Long/Short Equity

Definition of 'Long/Short Equity'


An investing strategy of taking long positions in stocks that are expected to appreciate and short positions in stocks that are expected to decline. A long/short equity strategy seeks to minimize market exposure, while profiting from stock gains in the long positions and price declines in the short positions. Although this may not always be the case, the strategy would be profitable on a net basis as long as the long positions generate more profit than the short positions, or the other way around. The long/short equity strategy is popular with hedge funds, many of which employ a market-neutral strategy where the dollar amounts of the long and short positions are equal.

Investopedia explains 'Long/Short Equity'


While many hedge funds also employ a long/short equity strategy with a long bias (such as 130/30, where long exposure is 130% and short exposure is 30%), comparatively fewer hedge funds employ a short bias to their long/short strategy.

Long/short equity strategies can be differentiated in a number of ways – by market geography (advanced economies, emerging markets, Europe, etc.), sector (energy, technology, etc.), investment philosophy (value or growth) and so on. An example of a long/short equity strategy with a broad mandate would be a global equity growth fund; an example of a relatively narrow mandate would be an emerging markets healthcare fund.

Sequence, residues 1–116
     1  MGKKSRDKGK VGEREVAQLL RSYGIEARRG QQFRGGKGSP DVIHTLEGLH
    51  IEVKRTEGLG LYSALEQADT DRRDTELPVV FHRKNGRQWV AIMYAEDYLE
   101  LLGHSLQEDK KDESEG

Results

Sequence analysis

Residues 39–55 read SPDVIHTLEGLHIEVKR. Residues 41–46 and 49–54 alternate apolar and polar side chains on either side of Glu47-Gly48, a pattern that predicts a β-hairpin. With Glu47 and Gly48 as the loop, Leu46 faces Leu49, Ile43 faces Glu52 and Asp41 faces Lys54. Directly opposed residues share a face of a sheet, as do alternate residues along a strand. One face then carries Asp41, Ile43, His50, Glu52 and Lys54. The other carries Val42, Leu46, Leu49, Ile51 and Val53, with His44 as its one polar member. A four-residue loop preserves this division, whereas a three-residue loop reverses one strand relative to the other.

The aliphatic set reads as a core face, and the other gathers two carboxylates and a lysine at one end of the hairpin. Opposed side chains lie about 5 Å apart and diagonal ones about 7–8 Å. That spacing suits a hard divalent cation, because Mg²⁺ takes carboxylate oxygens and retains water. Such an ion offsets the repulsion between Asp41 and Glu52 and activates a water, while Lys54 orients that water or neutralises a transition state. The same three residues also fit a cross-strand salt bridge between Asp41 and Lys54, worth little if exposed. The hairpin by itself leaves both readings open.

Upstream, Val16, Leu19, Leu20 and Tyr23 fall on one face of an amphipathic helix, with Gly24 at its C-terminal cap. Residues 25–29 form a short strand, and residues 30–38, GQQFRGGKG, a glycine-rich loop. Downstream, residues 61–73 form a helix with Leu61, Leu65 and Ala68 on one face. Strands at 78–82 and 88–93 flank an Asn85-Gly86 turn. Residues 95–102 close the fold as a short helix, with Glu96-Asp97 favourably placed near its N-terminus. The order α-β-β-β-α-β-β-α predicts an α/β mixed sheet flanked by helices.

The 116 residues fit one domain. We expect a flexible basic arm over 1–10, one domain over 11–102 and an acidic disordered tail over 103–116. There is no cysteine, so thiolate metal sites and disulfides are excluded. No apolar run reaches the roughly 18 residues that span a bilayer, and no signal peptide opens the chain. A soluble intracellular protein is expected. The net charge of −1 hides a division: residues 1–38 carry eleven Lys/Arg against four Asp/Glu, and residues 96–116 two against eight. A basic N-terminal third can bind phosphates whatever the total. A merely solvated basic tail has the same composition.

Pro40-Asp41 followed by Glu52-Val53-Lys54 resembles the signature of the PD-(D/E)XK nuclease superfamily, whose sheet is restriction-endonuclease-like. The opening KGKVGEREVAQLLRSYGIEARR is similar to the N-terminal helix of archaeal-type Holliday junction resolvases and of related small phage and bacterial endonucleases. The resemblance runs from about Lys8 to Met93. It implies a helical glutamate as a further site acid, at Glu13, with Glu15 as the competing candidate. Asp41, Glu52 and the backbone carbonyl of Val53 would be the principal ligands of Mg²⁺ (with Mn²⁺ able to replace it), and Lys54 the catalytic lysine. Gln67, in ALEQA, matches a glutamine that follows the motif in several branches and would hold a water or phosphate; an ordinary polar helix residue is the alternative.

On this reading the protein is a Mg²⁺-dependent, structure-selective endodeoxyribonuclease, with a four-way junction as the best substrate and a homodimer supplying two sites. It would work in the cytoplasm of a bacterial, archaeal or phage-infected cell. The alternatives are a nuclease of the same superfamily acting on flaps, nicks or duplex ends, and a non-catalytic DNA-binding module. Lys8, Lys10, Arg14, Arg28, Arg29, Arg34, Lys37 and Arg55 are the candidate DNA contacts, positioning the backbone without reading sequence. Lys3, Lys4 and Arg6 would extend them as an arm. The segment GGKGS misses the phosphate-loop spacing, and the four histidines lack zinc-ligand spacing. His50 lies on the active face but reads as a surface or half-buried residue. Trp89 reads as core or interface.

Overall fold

A popular variation of the long/short model is that of the “pair trade," which involves offsetting a long position on a stock with a short position on another stock in the same sector. For example, an investor in the technology space may take a long position in Microsoft and offset that with a short position in Intel. If the investor buys 1,000 shares of Microsoft at $33 each, and Intel is trading at $22, the short leg of this paired trade would involve purchasing 1,500 Intel shares so that the dollar amounts of the long and short positions are equal.

The ideal situation for this long/short strategy would be for Microsoft to appreciate and for Intel to decline. If Microsoft rises to $35 and Intel falls to $21, the overall profit on this strategy would be $3,500. Even if Intel advances to $23 – since the same factors typically drive stocks up or down in a specific sector – the strategy would still be profitable at $500, although much less so.

To get around the fact that stocks within a sector generally tend to move up or down in unison, long/short strategies frequently tend to use different sectors for the long and short legs. For example, if interest rates are rising, a hedge fund may short interest-sensitive sectors such as utilities, and go long on defensive sectors such as health care.



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